Review: Midsummer (a play with songs) (Théâtre français de Toronto)

Midsummer (a play with songs) is “a night of Toronto theatre that becomes a trip around the world”

It’s not often the drama gods raise the curtain on two similar yet completely different productions in one week.

On Tuesday I took in the all-Canadian version of the Tony-award-winning Once. On Wednesday I was immersed in Midsummer (a play with songs) where Scotland stands in for Ireland, and English surtitles interpret French. Both plays revolve around a man, woman and songs. Plus guitar. Plus love.

This Quebecois-version of a play that originated at the Edinburgh Fringe Festival has toured the world. In fact, a quick search found reviews of Midsummer productions in New York City, London and New Zealand.

But this one is super special, non? First and foremost because it’s in French. Above and beyond that, the play manages to twist your sense of place because while the location is downtown Edinburgh, the references are en anglais, and the production is from Montreal. A night at the theatre becomes a trip around the world.

Midsummer is about two mid-30-something musicians who fall together into a weekend of singing, drinking and sex. Not to mention thievery, bondage, and did I mention singing?

Because, like Once, this is a production that centres around song. In fact, the French title is Midsummer – Une Piece et Neuf Chansons.

The production is so craftily performed that even 24 hours after the show my memory bank was still full. The hangover song (“If my hangover was a country… If my hangover was a sport…”), the romp on the chair, Elmo, the never-ending rain…

Isabelle Blais and Pierre-Luc Brillant have a humor, intensity and connection that keep the audience riveted. Blais as Helena is the tough lawyer with a goofy laugh. Brillant’s Bob is “Robert… Rob… Bob Fuck.” Something like that, but in any case, unforgettable.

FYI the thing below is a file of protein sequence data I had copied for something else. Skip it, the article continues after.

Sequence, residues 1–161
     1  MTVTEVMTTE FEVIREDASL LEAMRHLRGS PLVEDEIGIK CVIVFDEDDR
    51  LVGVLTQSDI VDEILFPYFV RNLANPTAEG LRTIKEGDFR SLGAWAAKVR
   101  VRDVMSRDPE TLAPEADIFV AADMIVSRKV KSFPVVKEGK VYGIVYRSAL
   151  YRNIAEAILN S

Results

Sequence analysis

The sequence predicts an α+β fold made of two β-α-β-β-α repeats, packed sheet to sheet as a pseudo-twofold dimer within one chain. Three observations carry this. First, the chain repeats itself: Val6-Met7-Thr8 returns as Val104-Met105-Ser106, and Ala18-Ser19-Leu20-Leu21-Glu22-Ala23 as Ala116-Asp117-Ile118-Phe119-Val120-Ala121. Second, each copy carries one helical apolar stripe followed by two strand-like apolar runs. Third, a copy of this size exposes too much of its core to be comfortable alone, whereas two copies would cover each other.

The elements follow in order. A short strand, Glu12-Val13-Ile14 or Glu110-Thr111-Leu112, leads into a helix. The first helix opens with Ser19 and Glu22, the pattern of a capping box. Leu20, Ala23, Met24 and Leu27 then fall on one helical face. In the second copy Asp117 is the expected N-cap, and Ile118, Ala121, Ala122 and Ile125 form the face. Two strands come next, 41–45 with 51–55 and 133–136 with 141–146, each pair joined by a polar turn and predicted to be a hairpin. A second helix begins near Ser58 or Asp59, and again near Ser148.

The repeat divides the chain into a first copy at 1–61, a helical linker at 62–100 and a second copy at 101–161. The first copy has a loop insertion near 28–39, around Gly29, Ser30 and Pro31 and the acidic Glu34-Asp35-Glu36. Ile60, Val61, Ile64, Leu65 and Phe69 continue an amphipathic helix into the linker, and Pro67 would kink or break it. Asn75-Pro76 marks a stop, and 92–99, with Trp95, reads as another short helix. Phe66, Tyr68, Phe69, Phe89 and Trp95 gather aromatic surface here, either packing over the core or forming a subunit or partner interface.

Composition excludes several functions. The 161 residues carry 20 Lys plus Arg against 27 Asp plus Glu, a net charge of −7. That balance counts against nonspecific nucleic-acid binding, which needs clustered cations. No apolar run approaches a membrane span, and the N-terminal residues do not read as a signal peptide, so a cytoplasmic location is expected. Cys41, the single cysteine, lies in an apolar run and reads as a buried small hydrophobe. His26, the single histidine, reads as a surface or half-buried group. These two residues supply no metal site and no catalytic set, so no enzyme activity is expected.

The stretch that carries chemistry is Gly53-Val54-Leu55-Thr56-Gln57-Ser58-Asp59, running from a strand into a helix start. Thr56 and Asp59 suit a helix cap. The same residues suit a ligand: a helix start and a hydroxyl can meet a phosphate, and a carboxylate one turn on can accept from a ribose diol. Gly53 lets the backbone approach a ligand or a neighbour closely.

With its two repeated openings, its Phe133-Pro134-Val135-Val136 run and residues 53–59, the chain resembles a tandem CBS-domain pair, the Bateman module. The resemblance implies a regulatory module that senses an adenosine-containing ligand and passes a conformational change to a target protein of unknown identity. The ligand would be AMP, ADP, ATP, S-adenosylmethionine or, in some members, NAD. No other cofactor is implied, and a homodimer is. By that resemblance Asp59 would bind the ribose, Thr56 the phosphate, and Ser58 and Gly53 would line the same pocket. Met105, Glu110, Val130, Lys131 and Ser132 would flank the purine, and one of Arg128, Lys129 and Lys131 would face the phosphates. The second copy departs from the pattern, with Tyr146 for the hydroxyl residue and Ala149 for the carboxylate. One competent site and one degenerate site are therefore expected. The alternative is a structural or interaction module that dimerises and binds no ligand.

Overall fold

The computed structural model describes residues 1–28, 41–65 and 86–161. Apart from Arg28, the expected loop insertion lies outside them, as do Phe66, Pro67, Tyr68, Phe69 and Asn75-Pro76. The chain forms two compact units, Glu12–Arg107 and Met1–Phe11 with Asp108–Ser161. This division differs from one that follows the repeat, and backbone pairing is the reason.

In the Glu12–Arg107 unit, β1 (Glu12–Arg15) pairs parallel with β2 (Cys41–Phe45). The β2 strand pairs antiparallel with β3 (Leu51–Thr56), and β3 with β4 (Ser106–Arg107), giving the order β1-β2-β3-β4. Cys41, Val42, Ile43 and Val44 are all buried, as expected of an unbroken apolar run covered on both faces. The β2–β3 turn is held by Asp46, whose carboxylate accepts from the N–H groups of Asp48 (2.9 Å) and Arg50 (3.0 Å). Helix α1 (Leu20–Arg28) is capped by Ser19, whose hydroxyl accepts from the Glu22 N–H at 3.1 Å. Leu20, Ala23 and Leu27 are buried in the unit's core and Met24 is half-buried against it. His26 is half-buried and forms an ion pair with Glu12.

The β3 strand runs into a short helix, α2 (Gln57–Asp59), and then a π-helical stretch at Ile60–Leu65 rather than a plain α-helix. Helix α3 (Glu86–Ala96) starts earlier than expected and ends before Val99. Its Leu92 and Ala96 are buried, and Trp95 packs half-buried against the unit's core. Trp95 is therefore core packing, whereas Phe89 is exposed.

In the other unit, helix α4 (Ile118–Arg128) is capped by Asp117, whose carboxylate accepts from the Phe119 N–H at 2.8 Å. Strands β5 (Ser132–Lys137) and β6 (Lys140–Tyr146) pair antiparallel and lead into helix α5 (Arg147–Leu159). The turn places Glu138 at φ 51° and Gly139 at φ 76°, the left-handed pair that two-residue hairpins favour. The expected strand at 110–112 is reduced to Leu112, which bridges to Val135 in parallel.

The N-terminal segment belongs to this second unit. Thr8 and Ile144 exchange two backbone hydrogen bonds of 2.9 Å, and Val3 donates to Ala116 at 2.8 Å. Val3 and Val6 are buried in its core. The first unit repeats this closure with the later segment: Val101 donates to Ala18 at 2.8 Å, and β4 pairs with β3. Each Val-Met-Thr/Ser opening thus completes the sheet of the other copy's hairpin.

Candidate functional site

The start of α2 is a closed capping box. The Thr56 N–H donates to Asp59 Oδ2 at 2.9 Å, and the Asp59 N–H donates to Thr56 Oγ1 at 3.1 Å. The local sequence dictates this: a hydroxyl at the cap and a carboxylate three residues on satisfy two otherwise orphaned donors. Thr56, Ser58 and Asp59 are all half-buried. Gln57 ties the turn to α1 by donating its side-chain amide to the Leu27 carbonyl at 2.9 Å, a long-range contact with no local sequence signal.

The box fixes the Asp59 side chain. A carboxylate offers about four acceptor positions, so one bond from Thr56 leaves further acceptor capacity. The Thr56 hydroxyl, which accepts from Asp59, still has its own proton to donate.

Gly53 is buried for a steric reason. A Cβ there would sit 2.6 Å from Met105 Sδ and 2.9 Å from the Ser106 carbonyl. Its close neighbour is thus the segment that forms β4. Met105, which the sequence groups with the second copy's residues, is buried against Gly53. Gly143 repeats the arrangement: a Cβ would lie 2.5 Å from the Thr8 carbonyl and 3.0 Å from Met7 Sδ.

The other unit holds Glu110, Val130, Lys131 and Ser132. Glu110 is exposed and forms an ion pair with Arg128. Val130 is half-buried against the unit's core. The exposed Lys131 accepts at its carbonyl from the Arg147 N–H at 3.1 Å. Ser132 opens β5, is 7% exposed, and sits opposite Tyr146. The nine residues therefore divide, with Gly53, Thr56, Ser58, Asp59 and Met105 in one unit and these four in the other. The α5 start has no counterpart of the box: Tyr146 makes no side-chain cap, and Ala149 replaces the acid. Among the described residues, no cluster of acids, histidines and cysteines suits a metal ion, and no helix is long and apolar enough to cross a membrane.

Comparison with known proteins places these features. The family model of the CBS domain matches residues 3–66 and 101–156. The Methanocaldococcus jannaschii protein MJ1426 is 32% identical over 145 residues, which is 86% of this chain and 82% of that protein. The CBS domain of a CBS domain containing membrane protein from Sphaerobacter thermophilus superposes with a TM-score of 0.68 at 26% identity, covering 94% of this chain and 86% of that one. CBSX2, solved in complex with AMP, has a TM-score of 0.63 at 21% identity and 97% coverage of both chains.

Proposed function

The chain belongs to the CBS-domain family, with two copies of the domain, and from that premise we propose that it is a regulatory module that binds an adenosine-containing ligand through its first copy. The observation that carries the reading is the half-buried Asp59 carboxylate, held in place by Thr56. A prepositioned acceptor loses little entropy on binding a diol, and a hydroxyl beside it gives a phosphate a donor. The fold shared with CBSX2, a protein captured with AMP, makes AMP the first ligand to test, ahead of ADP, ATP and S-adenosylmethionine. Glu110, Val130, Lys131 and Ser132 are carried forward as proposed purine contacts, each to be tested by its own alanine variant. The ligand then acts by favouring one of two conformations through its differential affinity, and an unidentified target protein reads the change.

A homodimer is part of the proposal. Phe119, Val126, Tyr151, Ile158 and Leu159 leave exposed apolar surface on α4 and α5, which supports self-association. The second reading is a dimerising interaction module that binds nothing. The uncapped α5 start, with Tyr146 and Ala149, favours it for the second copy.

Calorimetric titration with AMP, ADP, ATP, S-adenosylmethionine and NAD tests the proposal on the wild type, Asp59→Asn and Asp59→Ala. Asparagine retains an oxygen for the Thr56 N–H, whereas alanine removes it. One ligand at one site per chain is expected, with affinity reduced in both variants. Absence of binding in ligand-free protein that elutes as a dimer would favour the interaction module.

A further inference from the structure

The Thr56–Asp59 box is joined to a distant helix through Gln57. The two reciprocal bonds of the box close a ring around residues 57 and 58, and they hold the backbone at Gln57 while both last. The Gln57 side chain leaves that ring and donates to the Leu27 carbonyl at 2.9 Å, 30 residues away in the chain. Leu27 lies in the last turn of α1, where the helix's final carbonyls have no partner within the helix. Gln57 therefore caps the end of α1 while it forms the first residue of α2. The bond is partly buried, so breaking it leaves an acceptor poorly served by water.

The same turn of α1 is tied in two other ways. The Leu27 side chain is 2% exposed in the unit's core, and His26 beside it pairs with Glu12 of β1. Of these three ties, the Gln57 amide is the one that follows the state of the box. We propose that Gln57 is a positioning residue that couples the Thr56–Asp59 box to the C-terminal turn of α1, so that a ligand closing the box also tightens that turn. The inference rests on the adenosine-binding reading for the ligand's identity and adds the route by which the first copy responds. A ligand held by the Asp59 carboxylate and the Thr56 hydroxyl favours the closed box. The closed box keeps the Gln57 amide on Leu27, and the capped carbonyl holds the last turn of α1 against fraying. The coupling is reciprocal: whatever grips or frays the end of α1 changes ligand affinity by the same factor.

Since French generally requires more words to express something than English, I was able to read the surtitles and then get back to focusing on the performance. My French-Immersion guest for the evening, on the other hand, took it all in sans traduction. Both of us were impressed by the surtitles operator’s speed and precision.

I mentioned that Midsummer made me feel like I was traveling the world. It also made me want to travel, period. To Edinburgh, Quebec, or even to another foreign-language theatre right here in Toronto.


  • Midsummer (a play with songs) is playing at the Berkeley Street Theatre second floor (26 Berkeley Street) from Feb 25 – to March 1
  • Showtimes are at 8 pm with weekend matinees at 3:30 and 2:30 pm
  • All performances are spoken in French, performances with English surtitles are on Friday and Saturday.
  • Tickets from $44 to $48 can be purchased online or by phone (416) 534-6604 or 1-800-819-4981.

Photo of Isabelle Blais and Pierre-Luc Brillant by Suzane O’Neill